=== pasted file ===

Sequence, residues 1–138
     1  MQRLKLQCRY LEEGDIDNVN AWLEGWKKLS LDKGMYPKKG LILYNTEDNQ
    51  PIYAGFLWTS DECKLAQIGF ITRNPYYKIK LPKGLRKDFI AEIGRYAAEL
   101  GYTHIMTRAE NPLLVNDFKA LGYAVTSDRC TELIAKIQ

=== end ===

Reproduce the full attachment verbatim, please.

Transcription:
Sequence, residues 1–138
     1  MQRLKLQCRY LEEGDIDNVN AWLEGWKKLS LDKGMYPKKG LILYNTEDNQ
    51  PIYAGFLWTS DECKLAQIGF ITRNPYYKIK LPKGLRKDFI AEIGRYAAEL
   101  GYTHIMTRAE NPLLVNDFKA LGYAVTSDRC TELIAKIQ